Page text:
Improved fiscal governance case study

Agriculture Budget Advocacy in Ghana

In Ghana more than half the population depends on agriculture for their livelihood. In the last decade the government has made commitments to increase and improve agriculture spending and ensure that it supports female and male smallholder farmers.

Despite this, Ghana continues to lag behind in agriculture development and food security. Government spending priorities continue to be heavily influenced by income from oil and minerals, and receiving foreign aid, rather than building on farmers' and citizens' priorities and needs.

Partner organizations and Oxfam in Ghana are working together to improve agriculture budget allocations and policies and to create more opportunities for citizens to influence decision-makers. They are doing this through:

  • joint evidence-based advocacy
  • strengthening the capacity of citizens and journalists
  • creating spaces for citizen engagement
  • bringing the issue to a wider audience through media
  • campaigning during public moments (e.g. elections)

These efforts have opened up space for civil society to engage with government on issues related to the agricultural budget and policies.

Lessons Learned

  • Be creative in using political opportunities. The team was sharp enough to jump on opportunities indirectly associated with the agricultural budget to help them achieve their goals. For example, a multi-regional advocacy strategy during the 2016 election campaign resulted in a number of agriculture commitments and the 2013 Oil for Food campaign resulted in a commitment from the Government of Ghana to allocate a portion of the country's oil revenues to smallholder agriculture.

  • The key to success lies in the way you partner. Oxfam in Ghana is partnering with a strong set of national and local organizations who engage in both agriculture and budget advocacy, and who work at the local level in Ghana. For the most part partner organizations play a leading role and Oxfam a supportive, less visible, role. This approach recognizes national and local partners' leadership and expertise and is more effective in advocacy with national authorities

  • There is power in using traditional media and social media to attract attention. The key is to know which type of media to use for which audience, and to package messages in a way that your stakeholders can best use them. This could be by broadcasting radio shows with key information about your project, or by creating an infographic to share on social media.

  • Plan some time for peer-to-peer learning exchange. Partners and Oxfam staff have a rich experience that should be shared across other teams and countries to improve agriculture advocacy efforts elsewhere. Plan for extra effort in documenting and sharing the lessons of the work through more traditional means (presentations, webinars, reports) as well as more creative mediums (e.g. videos and stories).
Agriculture Budget Advocacy case study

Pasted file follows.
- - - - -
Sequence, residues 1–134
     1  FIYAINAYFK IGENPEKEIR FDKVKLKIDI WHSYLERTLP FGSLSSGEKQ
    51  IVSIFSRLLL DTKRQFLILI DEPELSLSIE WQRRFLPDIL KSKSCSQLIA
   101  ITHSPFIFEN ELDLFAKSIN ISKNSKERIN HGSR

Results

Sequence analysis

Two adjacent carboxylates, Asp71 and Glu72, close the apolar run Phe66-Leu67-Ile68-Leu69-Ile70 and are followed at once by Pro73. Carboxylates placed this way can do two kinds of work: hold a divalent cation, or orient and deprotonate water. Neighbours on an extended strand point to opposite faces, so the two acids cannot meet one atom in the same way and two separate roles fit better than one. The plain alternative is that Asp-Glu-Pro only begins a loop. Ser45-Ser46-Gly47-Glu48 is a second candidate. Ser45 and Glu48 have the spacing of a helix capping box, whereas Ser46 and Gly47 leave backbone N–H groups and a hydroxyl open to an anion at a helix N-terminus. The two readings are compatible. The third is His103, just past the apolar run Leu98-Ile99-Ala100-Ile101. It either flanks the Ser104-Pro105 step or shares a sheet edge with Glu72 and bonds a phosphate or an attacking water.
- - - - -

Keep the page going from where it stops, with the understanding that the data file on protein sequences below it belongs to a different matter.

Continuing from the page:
Kenya

Fiscal justice for women and girls

Through its work on the Fiscal Accountability for Inequality Reduction (FAIR) programme, Oxfam in Kenya aims to influence decision makers to take action on progressive taxation and budgeting processes. It aims to equip citizens and civil society organizations with the knowledge and skills to feed into public finance management processes, including monitoring of spending and the delivery of public services.

A focus on women and girls is at the centre of Oxfam in Kenya’s programming. This case study shows how three closely interlinked Oxfam projects – Wezesha Jamii, WE-Care and Gender-Responsive Budgeting (GRB) – benefited women at the economic, political and social levels. This holistic approach encompassed many different areas, including economic empowerment, social protection, social norms, unpaid care, political participation and budgeting.

Lessons Learned

Kenya case study
  • Information is key. Oxfam and its partners engaged in awareness-raising and ensured that people knew their rights regarding social protection. This led to an increase in registration for social security schemes. Sharing information was also important when engaging with youth. Budgeting can seem like a very technical topic, but when the right information is given, young people are aware and claim their rights as taxpayers.
  • Address social and cultural norms. Policy influencing is important, but the willingness (or otherwise) of decision makers and stakeholders to change policy or behavior is often rooted in prevailing social norms. To change social and cultural norms, not only women should be targeted but also men, as they have a great say on decisions at both the household and the community levels.
  • Combine strengths and avoid working in ‘silos’. The GRB project successfully combined the expertise of the Institute of Public Finance Kenya, the National Taxpayers Association and Youth Alive Kenya to achieve outcomes that might not have been realized without the partners making use of each other’s knowledge. The integrated approach of the three projects – Wezesha Jamii, WE-Care, and GRB – also exemplifies the strength of working collaboratively across different programmes.
  • Identify policy and legislative measures that support the work you are doing. In the case of Kenya, these were policies such as access to information and the right to public participation, both of which are enshrined in the country’s constitution.

Fiscal justice for women and girls